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Be prepared to take the pain on Naspers and Prosus in the short term

Picture: Karen Sandison/African News Agency(ANA)

Picture: Karen Sandison/African News Agency(ANA)

Published Mar 8, 2022

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By Ryk de Klerk

FOR the first time in many years I have turned very bullish on Naspers and Prosus. Prominent commentators and fund managers have accused Prosus and Naspers’s management of destroying value and although there might be merit in their criticism, another major factor has been overlooked.

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Naspers and Prosus combined was by far the single largest equity holding and asset in the Government Employees Pension Fund’s (GEPF’s) fold, and exposed the fund to extreme market risk.

According to the GEPF’s financial statements for the year ended March 31, 2021 the fund held 76 million Naspers shares or 17 percent of the Naspers shares in issue valued at R268.7 billion.

The GEPF’s exposure to Prosus was 14 million shares valued at R22.9bn. The fund’s combined exposure to Naspers and Prosus amounted to 26.5 percent of the fund’s exposure to listed equities, and 14percent of the fund’s total investments including cash.

That was despite a reduction from the previous year’s 31.1 percent of total listed equity exposure, after which the GEPF’s holdings in Prosus were slashed by 28.8 million shares. Sales by the GEPF therefore accounted for more than 16 percent of the total number of the 176 million Prosus shares traded on the JSE during the fund’s 2021 financial year.

Yes, the Prosus sales amounted to more than 2 months’ average trade on the JSE.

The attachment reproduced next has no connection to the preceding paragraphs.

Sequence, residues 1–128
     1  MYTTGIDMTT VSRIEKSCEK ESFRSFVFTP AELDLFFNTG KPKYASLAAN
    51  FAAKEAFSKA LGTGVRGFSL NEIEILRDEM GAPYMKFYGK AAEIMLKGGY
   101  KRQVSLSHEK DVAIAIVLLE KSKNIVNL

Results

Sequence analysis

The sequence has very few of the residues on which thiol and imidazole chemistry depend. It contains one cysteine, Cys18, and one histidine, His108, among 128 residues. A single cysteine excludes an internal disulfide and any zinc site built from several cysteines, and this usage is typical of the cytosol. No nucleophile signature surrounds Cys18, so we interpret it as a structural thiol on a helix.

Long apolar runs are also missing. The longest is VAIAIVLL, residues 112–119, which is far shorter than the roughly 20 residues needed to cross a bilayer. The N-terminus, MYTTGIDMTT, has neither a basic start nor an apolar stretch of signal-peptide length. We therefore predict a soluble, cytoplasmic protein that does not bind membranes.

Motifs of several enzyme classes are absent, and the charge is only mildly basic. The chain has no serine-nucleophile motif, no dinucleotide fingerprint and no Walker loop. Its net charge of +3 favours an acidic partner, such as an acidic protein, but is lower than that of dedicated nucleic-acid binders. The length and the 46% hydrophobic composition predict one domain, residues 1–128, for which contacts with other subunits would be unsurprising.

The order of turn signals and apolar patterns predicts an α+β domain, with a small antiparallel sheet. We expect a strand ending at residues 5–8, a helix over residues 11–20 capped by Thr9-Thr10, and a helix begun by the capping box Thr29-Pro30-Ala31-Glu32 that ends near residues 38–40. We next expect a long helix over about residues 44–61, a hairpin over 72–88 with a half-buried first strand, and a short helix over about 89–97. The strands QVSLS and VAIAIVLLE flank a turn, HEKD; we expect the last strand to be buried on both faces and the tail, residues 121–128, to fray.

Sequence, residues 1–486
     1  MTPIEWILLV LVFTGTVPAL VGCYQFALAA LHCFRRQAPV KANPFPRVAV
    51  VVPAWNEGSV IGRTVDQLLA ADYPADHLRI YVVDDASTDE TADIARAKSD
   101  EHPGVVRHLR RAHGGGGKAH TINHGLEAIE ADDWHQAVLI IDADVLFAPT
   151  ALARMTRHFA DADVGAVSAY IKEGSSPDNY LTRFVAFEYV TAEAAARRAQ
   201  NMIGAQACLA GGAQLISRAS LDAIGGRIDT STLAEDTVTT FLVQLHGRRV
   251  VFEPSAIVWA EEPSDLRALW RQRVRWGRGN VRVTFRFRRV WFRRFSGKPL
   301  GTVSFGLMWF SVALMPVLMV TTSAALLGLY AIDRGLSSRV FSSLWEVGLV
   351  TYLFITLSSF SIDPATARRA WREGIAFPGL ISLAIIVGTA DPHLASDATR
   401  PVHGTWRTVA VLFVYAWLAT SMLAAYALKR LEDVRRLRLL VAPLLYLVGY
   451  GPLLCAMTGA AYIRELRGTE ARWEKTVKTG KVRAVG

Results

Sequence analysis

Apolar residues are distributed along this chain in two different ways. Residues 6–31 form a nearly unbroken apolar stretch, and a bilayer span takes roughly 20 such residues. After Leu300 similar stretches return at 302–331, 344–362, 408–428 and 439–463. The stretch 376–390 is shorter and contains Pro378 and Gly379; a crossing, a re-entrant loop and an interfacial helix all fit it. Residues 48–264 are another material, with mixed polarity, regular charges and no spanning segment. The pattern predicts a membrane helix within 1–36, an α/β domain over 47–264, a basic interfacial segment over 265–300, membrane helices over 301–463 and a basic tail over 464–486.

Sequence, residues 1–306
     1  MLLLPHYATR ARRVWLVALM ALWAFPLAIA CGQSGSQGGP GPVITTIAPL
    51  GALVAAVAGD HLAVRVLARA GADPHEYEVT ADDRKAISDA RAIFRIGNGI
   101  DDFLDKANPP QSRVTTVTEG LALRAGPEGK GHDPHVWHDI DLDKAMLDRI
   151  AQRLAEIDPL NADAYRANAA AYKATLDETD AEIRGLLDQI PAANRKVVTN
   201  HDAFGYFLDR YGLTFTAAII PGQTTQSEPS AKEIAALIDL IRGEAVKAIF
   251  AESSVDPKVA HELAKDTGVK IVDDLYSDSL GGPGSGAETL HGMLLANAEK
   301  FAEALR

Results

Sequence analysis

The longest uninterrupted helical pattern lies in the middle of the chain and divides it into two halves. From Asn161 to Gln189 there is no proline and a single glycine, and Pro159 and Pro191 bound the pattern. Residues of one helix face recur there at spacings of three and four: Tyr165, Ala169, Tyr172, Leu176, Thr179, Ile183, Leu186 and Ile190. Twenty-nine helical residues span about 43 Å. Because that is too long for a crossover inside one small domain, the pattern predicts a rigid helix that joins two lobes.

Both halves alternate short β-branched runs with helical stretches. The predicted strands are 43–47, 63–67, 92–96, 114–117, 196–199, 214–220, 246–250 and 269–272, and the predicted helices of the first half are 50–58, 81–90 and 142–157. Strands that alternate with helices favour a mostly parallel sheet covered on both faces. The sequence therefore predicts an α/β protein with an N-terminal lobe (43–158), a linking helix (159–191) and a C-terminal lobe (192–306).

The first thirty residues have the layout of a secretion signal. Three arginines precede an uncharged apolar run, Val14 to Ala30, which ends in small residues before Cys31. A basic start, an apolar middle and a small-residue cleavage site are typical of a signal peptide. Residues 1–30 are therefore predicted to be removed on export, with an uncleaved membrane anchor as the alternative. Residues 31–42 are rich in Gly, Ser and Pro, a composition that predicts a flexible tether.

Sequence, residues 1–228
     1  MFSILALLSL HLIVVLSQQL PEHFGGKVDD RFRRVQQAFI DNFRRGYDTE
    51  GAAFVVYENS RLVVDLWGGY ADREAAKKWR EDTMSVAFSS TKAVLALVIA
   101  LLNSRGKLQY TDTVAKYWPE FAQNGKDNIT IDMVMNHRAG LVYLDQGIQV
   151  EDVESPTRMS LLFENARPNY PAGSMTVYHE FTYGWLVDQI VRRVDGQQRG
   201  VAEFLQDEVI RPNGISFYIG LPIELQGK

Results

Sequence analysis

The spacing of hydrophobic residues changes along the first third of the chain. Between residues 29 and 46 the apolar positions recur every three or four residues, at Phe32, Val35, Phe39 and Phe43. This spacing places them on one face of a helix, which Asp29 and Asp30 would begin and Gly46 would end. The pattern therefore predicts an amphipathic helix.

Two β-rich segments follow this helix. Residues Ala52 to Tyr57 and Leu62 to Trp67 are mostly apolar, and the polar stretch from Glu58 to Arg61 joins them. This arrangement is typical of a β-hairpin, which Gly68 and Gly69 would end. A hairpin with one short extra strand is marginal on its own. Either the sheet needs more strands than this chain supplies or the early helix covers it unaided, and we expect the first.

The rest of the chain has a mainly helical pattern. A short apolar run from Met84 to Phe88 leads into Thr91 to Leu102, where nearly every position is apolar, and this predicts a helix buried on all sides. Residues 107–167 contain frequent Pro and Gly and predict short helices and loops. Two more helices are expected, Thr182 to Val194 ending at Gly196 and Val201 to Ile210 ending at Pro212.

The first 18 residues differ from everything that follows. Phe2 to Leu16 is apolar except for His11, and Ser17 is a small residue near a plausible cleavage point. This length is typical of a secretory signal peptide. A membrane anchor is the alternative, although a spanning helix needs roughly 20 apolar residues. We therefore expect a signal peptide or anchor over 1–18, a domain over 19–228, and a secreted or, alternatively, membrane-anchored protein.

Notes to the GEPF financial statements also revealed that the total fair value of the Naspers and Prosus holdings and open interest are in fact the real exposure after taking into account exposures to derivative instruments.

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I bet my bottom dollar that the Market was acutely aware of the dire position of the GEPF due to the fund’s massive exposure to Naspers and Prosus, especially with Beijing’s clampdown on tech companies such as Tencent.

The GEPF had to address the risks either through selling Naspers and Prosus shares outright in the market or through derivative instruments which in any case would have led to the selling of the underlying stocks by counterparties.

Yes, the GEPF is or was most probably a forced seller.

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Let’s assume that the PIC (Public Investment Corporation) as manager of the GEPF did nothing since the end of the GEPF’s 2021 financial year, and held on to the original Naspers and Prosus shareholdings.

By now, the value of the holdings would have been down by about R151bn or 51 percent since the end of March, last year. If the values of the fund’s other assets remained unchanged the total value of the fund would be down by 7.2 percent by now.

The fund’s exposure to Naspers and Prosus would be down to 15 percent of total listed equities and 7.4 percent of the fund’s total investments plus bank balances.

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The exposure to Naspers and Prosus would still be outsized compared to the funds’ other listed equity holdings, though.

At the end of the GEPF’s 2021 financial year, the GEPF’s financial exposure to Naspers and Prosus was six times that of its second largest listed share, Anglo American.

The huge drawdown in Naspers and Prosus share prices and the surge in Anglo American’s share price would have slashed the ratio to 2.2 times.

Yes, still more than double the second largest holding.

Over the years, Naspers’s massive outperformance of the market kept the fund solvent and allowed for a build-up of contingency reserves.

Furthermore, the GEPF was not a drain on government’s finances as any shortfall would have required the South African government to chip in.

Now the GEPF’s members and perhaps the SA government have to face the music as the affordable level of contingency reserves amounting to R137bn as at March 31, 2018 is threatened by the more than R151bn drawdown in the GEPF’s Naspers and Prosus holdings.

That is, unless the managers of the fund’s assets were proactive in the management of the Naspers/Prosus holdings.